Fifteenth-century castle with chesspiece tower, enlarged in 1844 by Spencer Boyd. Mural by William Bell Scott follows curving staircase. Pre-Raphaelite artists including Holman Hunt and Dante Gabriel Rossetti painted here. Visits by appointment only.
Port Logan Fish Pond, excavated 1800, served as fresh fish larder for Logan estate owners. Land-hungry feudal laird said to have built up main road above house-top level to drive out locals.
Colour-washed houses line promenade. Ferry link to Ireland before 1862. Irish elopers were married in 17th-century church. Dunskey Castle ruin nearby.
The Queen's Way
Scenic road alongside Galloway Forest Park linking New Galloway and Newton Stewart commemorates Queen's Silver Jubilee of 1977. Picnic spots, forest trails.
St Ninian's Cave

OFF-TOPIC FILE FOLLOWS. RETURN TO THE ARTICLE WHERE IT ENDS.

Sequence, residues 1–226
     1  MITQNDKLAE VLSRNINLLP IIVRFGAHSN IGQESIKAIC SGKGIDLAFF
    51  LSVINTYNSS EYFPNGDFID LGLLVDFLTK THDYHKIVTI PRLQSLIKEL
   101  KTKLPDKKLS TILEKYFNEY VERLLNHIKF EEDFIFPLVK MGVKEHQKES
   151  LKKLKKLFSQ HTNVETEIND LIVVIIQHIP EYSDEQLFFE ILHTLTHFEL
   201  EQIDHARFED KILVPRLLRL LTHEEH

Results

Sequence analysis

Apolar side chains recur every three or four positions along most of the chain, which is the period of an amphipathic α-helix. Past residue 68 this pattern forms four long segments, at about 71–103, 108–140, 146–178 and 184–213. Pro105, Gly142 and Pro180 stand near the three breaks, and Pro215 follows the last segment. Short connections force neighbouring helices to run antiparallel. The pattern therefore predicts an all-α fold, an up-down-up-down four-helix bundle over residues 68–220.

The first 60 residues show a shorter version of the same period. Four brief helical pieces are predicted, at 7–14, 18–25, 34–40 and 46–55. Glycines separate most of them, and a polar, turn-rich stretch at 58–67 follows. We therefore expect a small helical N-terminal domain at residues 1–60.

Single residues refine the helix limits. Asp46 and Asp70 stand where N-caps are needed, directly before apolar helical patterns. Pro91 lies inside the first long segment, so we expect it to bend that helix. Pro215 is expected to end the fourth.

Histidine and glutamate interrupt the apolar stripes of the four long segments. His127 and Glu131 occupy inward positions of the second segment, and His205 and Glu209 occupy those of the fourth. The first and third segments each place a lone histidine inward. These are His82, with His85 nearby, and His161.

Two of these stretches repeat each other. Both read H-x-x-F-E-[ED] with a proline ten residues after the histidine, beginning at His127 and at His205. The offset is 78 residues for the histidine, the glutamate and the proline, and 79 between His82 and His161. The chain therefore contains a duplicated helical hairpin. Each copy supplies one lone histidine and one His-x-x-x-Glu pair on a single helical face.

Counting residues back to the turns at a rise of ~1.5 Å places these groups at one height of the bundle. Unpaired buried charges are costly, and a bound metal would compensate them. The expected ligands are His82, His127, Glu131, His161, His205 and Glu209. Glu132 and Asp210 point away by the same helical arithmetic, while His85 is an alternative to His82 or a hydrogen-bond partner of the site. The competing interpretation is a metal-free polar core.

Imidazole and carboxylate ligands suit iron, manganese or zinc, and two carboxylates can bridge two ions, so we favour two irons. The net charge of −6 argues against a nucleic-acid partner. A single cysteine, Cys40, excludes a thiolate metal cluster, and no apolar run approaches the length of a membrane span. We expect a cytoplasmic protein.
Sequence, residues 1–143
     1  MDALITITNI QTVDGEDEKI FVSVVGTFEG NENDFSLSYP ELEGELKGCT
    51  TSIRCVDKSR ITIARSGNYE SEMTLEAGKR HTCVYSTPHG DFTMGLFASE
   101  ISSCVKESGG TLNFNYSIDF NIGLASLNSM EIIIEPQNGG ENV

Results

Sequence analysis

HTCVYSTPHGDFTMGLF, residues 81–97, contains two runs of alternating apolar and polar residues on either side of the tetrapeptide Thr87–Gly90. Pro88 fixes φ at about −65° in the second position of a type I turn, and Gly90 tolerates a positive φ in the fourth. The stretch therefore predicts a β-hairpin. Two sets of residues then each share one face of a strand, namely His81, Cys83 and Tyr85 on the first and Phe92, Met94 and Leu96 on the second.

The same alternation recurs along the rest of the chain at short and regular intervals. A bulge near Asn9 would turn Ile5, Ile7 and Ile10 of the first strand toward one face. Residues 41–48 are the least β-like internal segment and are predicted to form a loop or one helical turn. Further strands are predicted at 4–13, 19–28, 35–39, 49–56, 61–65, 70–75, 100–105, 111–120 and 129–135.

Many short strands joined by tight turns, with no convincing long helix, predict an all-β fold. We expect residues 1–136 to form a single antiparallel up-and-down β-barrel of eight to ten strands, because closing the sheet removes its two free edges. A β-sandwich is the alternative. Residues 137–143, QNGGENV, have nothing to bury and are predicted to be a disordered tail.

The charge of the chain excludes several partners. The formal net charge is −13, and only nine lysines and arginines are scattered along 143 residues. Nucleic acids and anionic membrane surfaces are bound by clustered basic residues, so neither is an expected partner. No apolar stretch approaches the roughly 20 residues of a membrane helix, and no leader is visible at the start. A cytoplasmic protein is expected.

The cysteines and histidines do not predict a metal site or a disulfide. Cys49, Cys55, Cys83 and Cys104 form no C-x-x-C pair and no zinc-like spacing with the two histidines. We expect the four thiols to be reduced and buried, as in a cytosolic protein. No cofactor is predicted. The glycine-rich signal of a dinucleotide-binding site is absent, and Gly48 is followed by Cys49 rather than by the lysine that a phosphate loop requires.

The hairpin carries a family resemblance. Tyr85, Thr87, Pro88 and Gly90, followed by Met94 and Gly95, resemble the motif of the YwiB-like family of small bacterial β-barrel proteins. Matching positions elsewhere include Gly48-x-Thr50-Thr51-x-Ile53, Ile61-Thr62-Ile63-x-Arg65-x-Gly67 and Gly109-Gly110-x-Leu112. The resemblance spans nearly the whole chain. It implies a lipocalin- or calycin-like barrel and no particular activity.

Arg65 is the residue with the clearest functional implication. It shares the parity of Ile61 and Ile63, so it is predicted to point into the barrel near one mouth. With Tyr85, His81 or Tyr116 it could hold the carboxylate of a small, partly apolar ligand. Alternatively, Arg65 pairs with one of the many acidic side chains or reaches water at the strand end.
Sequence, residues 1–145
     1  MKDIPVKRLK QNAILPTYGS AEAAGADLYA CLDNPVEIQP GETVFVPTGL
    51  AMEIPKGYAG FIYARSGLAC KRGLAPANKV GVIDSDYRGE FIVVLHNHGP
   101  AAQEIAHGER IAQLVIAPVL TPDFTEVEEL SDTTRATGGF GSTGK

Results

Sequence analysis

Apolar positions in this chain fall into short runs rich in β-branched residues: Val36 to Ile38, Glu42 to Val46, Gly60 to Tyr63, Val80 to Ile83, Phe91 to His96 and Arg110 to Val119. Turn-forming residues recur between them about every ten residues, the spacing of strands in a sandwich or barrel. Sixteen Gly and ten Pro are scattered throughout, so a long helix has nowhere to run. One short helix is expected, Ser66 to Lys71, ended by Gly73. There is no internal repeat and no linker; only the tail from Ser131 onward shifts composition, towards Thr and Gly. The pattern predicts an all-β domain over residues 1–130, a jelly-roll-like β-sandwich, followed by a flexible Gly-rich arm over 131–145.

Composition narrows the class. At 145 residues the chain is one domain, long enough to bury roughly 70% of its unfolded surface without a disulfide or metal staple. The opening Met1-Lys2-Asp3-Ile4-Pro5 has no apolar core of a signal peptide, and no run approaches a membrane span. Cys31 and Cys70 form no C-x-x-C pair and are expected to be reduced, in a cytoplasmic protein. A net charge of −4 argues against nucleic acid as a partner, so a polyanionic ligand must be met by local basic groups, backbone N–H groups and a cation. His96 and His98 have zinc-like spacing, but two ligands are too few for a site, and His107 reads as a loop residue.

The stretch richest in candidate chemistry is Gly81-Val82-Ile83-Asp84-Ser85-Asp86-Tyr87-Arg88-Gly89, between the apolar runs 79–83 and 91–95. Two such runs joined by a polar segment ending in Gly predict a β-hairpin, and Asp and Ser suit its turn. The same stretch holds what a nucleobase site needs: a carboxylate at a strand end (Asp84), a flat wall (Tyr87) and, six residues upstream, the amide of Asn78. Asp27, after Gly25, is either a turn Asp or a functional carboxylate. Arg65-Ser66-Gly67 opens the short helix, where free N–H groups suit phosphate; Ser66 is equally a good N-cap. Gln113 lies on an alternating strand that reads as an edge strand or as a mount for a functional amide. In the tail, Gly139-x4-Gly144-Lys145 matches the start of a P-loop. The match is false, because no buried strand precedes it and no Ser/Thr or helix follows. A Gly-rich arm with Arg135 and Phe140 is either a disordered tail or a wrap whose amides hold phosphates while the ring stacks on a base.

Cave where first Christian missionary to Scotland prayed after arrival in AD 395. Crosses are carved into nearby rock.
Near loch is promontory site of herb garden, now featuring 100 species set in individual beds. Garden planted beside mounded remains of Soulseat Abbey.
Seaside resort, ferry terminal for Lame, Northern Ireland. Castle of St John now visitor centre. North West Castle, shaped like a ship, was home of 18th-century polar explorer Sir John Ross.
Torhouse Stone Circle
Sixty-foot diameter Bronze Age circle. There are 19 stones in the circle and three boulders set in line in the centre. It is thought it may have been a burial site. Ruins of Baldoon Castle, 3 miles south-east, the setting for Sir Walter Scott's The Bride of Lammermoor.
Twelfth-century priory ruin, said to be built on site of St Ninian's 5th-century church Candida Casa, or 'white house', retains barrel-vaulted crypt, roofless nave. Site has been excavated to reveal foundations of Viking trading settlement, and coins and gaming pieces from earlier times.
Martyrs' Memorial Stone marks spot where two anti-Episcopalian women who refused to recant their religion were, in 1685, tied to stakes in River Bladnoch to drown in rising tide. Working distillery of 1814, creamery, tiny museum.